Wired sensors are not cost-effective. With wiring costs of over 100 euros per sensor, the typical acquisition costs are tripled. A wired solution is also inflexible; each time a change is made, time is lost, and new wiring costs are incurred. Wire-free communication eliminates the need for installing new cabling and for physical access to the existing building automation system. Self-powered sensors further optimise the installation – with an open system configuration alongside broad support for additional sensor types.

Smart buildings on the way for flexible data harvesting
With new buildings, smart features can be designed in the early planning stage. They can then be implemented while eliminating cables and removing reliance on batteries.

Maintenance-free wireless devices with energy-harvesting technology use environmental energy as their source of power. Innovations over the past ten years have demonstrated the success of greener self-powered devices, where kinetic energy, light, magnetic fields and temperature differences can all be used to generate sufficient electricity.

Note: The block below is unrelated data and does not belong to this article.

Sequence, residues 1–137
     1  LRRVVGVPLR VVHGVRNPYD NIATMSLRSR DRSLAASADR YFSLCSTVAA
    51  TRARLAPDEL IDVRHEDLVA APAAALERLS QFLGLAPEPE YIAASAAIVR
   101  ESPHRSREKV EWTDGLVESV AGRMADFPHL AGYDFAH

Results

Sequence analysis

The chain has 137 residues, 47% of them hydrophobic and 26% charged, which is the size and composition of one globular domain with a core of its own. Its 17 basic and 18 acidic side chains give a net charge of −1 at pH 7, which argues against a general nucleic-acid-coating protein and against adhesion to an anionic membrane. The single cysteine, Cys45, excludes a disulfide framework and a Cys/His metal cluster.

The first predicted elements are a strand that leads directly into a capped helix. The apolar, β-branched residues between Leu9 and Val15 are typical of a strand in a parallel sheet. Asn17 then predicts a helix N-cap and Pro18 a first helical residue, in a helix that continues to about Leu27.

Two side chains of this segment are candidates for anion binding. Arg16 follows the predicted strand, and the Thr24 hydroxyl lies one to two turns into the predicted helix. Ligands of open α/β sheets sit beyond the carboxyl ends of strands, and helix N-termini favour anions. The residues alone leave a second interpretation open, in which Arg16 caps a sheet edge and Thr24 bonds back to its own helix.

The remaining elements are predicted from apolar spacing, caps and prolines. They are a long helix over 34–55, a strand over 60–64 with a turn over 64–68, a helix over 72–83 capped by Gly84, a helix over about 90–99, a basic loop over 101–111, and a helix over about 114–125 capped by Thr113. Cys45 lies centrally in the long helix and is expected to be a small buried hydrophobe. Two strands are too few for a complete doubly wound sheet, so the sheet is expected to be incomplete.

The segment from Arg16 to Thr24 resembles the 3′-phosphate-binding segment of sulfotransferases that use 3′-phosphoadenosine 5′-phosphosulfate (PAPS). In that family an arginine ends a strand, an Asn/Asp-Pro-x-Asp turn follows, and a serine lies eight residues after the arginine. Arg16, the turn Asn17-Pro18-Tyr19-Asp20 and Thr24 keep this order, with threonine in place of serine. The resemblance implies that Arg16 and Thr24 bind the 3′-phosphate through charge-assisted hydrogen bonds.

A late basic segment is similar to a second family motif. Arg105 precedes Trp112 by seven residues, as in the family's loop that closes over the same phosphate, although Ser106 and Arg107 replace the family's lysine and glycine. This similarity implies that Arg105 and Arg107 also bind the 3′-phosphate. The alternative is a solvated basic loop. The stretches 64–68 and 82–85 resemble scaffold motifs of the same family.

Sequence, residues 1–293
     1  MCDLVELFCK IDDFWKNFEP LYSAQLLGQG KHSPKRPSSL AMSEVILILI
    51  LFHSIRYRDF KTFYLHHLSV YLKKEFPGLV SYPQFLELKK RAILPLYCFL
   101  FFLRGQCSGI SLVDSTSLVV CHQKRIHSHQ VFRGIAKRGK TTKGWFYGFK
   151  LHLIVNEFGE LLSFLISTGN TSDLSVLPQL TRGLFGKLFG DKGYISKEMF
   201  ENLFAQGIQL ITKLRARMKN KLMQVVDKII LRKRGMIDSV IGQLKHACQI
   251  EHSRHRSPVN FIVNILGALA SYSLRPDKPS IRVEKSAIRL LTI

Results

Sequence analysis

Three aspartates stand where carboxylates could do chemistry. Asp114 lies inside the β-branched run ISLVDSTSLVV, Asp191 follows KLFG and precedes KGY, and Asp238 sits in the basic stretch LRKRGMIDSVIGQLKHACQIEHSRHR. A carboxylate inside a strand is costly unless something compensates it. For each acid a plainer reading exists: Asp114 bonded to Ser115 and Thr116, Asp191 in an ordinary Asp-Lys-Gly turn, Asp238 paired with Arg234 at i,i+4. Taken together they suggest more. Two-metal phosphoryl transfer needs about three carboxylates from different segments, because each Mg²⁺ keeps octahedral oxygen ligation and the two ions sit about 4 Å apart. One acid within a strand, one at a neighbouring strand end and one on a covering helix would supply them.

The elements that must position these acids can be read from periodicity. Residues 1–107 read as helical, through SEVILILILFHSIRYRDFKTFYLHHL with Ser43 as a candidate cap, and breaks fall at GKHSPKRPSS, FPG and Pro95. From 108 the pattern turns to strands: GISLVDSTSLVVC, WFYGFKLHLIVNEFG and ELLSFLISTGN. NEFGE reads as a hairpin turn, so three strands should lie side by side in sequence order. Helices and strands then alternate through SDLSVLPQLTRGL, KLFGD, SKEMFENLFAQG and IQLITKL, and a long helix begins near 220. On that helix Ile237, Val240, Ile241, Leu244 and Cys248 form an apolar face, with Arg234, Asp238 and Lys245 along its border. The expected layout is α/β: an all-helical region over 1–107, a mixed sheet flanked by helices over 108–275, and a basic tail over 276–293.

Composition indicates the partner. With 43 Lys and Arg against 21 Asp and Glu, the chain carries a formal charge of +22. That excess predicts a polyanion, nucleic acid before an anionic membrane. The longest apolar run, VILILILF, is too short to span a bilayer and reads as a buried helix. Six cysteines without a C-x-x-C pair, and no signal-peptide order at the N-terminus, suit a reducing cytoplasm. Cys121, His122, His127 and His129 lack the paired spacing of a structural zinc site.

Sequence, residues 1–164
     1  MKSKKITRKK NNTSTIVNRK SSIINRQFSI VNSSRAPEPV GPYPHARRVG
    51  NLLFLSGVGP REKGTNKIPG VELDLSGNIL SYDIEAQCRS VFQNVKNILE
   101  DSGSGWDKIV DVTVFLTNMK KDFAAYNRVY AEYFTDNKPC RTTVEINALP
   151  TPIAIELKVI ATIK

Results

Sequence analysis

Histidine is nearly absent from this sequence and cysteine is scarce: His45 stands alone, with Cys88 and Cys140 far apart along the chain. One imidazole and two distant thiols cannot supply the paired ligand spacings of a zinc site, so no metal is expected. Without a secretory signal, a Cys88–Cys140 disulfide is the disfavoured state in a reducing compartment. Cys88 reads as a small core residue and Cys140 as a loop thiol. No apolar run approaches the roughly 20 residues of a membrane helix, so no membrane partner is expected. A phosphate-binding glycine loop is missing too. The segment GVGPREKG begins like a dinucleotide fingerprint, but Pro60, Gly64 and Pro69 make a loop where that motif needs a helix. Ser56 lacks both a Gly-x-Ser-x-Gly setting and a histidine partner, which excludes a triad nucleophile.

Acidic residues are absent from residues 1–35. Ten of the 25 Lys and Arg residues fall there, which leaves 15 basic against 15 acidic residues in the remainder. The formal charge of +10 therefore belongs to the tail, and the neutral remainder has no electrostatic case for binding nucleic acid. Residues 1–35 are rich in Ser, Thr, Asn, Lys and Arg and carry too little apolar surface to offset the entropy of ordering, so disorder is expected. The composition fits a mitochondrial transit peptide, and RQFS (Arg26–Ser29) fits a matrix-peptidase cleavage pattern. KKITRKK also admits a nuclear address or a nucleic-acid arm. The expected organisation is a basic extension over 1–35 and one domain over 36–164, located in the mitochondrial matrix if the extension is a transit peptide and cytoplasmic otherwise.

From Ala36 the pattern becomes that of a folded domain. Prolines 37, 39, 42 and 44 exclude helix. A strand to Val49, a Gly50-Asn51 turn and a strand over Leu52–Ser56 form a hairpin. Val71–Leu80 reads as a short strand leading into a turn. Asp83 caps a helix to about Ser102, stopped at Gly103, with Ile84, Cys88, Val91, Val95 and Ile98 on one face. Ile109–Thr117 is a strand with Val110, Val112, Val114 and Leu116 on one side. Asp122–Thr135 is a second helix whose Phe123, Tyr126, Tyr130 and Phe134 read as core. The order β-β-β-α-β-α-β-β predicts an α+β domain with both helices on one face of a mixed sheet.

Thanks to these sensors, the smart building can monitor the status of its environment and use this data to make any necessary adjustment or for analytical purposes. The data is gathered and processed by a cloud-based IT platform, as a digital twin if required. The physical space is combined with digital services and analytical tools. A dashboard can then present the data in a user-friendly way for managers and decision makers to view and act on.

These advances are highlighted in the example of “The Squaire” – a smart building in Frankfurt, Germany. Here the installation of more than 20,000 wireless and battery-free sensors and switches saved over 95km of cabling and many person-years of installation time. 

Reaping the energy harvest
Let us review four effective ways to harvest energy that’s freely available in the typical building environment and using it to power sensors that collect data and even actuators to control outputs.

Smart-building devices can generate electricity from kinetic energy. One press of a button can generate enough power to send a radio signal to dim the lights. The PTM switch module has created an international industry standard that makes it particularly easy for manufacturers to integrate the module into all common switch design variants. The basis for this is the electromechanical energy converter which – like a bicycle dynamo – generates energy when the switch is being pressed. This energy harvesting technology, kinetic switches are a resource-saving alternative to battery-powered or wired switches.  An identifying code embedded in each radio transmission matches a particular switch to an individual light, allowing thousands of switches to be used in the same building without any interference. Each signal can be received up to 300m away (free field.  Inside a building typically 15 to 30m)